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Vital Records Offices


Vital Records

ALASKA BUREAU OF VITAL STATISTICS
Department of Health and Social Services
Bureau of Vital Statistics
5441 Commercial Boulevard
Juneau, Alaska 99801
Telephone: (907) 465-3391
Fax: (907) 465-3618
Office Hours: Monday - Friday 8:00 am - 5:00 pm


The Alaska Bureau of Vital Statistics manages all vital records in Alaska which include birth, death, fetal death, divorce and marriage certificate data, along with reports of adoption. They are not kept at the borough/census area level. Vital Statistics offices are in Juneau, Anchorage, and Fairbanks (see below this paragraph). The Bureau's website (URL above) provides detailed information on what kind of records it holds and how to request copies.

Bureau of Vital Statistics
3601 C Street, Suite 128
Anchorage, Alaska 99503
Telephone: (907) 269-0991
Fax: (907) 269-0994
Office Hours: Monday - Friday 8:00 am - 5:00 pm
Bureau of Vital Statistics
615 23rd Avenue, Suite 300
Fairbanks, Alaska 99701
Telephone: (907) 452-4863
Fax: (907) 452-4872
Office Hours: Monday - Friday 8:00 am - 4:00 pm


The State of Alaska began recording births, deaths and marriages in 1913. The Bureau of Vital Statistics has assembled an extensive collection of church records in order to create delayed birth certificates for people who did not have an official record at birth. The bureau will conduct searches of these records, but requests will be denied if the purpose is genealogical.

For birth, marriage and death records prior to 1913, write the office above or consult the original congregation an ancestor may have been affiliated with. These earlier records will usually be ecclesiastical in nature.

All Vital Statistics records are strictly confidential until they become public records. Births become public records 100 years after the event; deaths, marriages, and divorces become public records 50 years after the event.

Boroughs and census areas maintain their own deeds and other property records.

By Alaska statute, all vital records are strictly confidential until they become public records:

Birth certificates (1913 to present) become public records 100 years after the event. Until then, a person may obtain only his or her own birth certificate, except for parents who may obtain their own child's certificate.
Death certificates (1913 to present) become public records 50 years after the event. Until then, only a spouse, parent, child or sibling, or of a deceased person, or a legal representative of a family member, may obtain that person's death certificate.
Marriage certificates (1920 to present) become public records 50 years after the event. Until then, only family members and their legal representatives may obtain copies of marriage certificates.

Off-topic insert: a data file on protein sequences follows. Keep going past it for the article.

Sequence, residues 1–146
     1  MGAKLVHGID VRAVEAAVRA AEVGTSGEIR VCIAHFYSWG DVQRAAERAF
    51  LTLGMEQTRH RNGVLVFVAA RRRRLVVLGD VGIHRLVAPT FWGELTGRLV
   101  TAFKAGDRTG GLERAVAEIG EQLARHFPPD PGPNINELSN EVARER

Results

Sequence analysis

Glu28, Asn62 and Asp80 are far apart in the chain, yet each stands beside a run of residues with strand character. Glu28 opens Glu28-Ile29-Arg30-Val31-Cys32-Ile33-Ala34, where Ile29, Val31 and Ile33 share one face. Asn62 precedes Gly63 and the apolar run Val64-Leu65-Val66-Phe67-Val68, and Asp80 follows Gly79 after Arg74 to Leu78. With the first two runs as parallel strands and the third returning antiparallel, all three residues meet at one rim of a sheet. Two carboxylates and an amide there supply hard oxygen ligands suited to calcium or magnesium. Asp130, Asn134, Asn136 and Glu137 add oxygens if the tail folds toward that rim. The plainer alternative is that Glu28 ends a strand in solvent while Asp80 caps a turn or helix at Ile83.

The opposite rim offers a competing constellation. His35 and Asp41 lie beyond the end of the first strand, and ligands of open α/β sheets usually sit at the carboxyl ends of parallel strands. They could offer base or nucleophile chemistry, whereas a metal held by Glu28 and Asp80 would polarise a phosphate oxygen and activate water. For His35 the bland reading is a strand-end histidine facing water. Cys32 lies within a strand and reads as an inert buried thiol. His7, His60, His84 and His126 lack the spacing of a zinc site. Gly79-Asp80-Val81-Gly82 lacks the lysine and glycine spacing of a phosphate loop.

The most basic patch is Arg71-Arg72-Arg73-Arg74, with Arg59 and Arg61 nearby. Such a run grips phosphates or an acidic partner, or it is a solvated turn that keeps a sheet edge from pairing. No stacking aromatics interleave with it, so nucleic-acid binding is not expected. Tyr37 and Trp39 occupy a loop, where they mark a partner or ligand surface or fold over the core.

Divorce certificates (1950 to present) become public records 50 years after the event. Until then, only family members and their legal representatives may obtain copies of divorce certificates.  Note: Divorce certificates are one-page documents outlining who is divorced and when and where the divorce took place, and are available only through the Bureau of Vital Statistics. Divorce records, which include all the pages filed in a divorce, and divorce decrees, rulings summarizing the rights and responsibilities of the divorced parties, are available only through the Alaska Court System. The Alaska Court System's FAQ has information about getting copies of divorce papers through the records department or clerk of court where the case was filed.


Personal check or money order should be made payable to Bureau of Vital Statistics. To verify current fees, the telephone number is (907) 465-3391. This will be a recorded message. Information on how to obtain certified copies is also available via the Internet at http://www.hss.state.ak.us/dph/bvs/.

ALL REQUESTS MUST INCLUDE A COPY OF A PICTURE ID OF THE APPLICANT. Enlarge the copy and lighten it as much as possible to be sure that it is clear and readable when sent to the Bureau. A signature under the copied ID is also required.

The Alaska Bureau of Vital Statistics only keeps records for events which occurred in Alaska. Thus, if your relative lived in Alaska, but died in another state, you would have to order the death certificate for your relative from that other state - even if your relative was buried in Alaska. The Centers for Disease Control, National Center for Health Statistics, maintains a list of "Where to Write for Vital Records" in U.S. states and territories.